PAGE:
Farlex Financial Dictionary. © 2012 Farlex, Inc. All Rights Reserved
A class of capital stock that has no preference to dividends or any distribution of assets. Common stock usually conveys voting rights and is often termed capital stock
if it is the only class of stock that a firm has outstanding (that is, the firm has neither preferred stock nor multiple classes of common stock). Common stockholders are the residual owners of a corporation in that they have a claim to what remains after every other party has been paid. The value of their claim depends on the success of the firm. See also callable common stock
, common stock equivalent
, puttable common stock
Wall Street Words: An A to Z Guide to Investment Terms for Today's Investor by David L. Scott. Copyright © 2003 by Houghton Mifflin Company. Published by Houghton Mifflin Company. All rights reserved. All rights reserved.
When you own common stock, your shares represent ownership in the corporation and give you the right to vote for the company's board of directors and benefit from its financial success.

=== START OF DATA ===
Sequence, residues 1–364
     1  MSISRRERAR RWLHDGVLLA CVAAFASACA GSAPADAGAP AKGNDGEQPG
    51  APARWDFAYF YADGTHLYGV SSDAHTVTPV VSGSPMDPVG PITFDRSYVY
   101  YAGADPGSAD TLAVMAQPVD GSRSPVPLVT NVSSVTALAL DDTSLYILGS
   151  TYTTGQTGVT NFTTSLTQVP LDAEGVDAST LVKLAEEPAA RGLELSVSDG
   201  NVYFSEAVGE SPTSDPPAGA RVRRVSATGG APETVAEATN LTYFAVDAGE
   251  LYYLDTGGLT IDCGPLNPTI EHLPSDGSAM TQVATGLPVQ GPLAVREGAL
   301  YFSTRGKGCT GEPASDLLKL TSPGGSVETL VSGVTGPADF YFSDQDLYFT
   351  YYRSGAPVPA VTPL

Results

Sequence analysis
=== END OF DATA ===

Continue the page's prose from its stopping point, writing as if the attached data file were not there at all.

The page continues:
You may receive a portion of the company's profits as dividend payments if the board of directors declares a dividend. You also have the right to sell your stock and realize a capital gain if the share value increases.
But if the company falters and the price falls, your investment could lose some of or all its value.
common stock a North American term for ORDINARY SHARES.
Collins Dictionary of Business, 3rd ed. © 2002, 2005 C Pass, B Lowes, A Pendleton, L Chadwick, D O’Reilly and M Afferson
Shares in the ownership of a corporation that are entitled to residual dividends, after bonds and preferred stock have first received interest and dividends. A common stockholder usually has a vote in deciding company affairs, including the election of a corporation's board of directors.
Copyright © 2008 H&R Block. All Rights Reserved. Reproduced with permission from H&R Block Glossary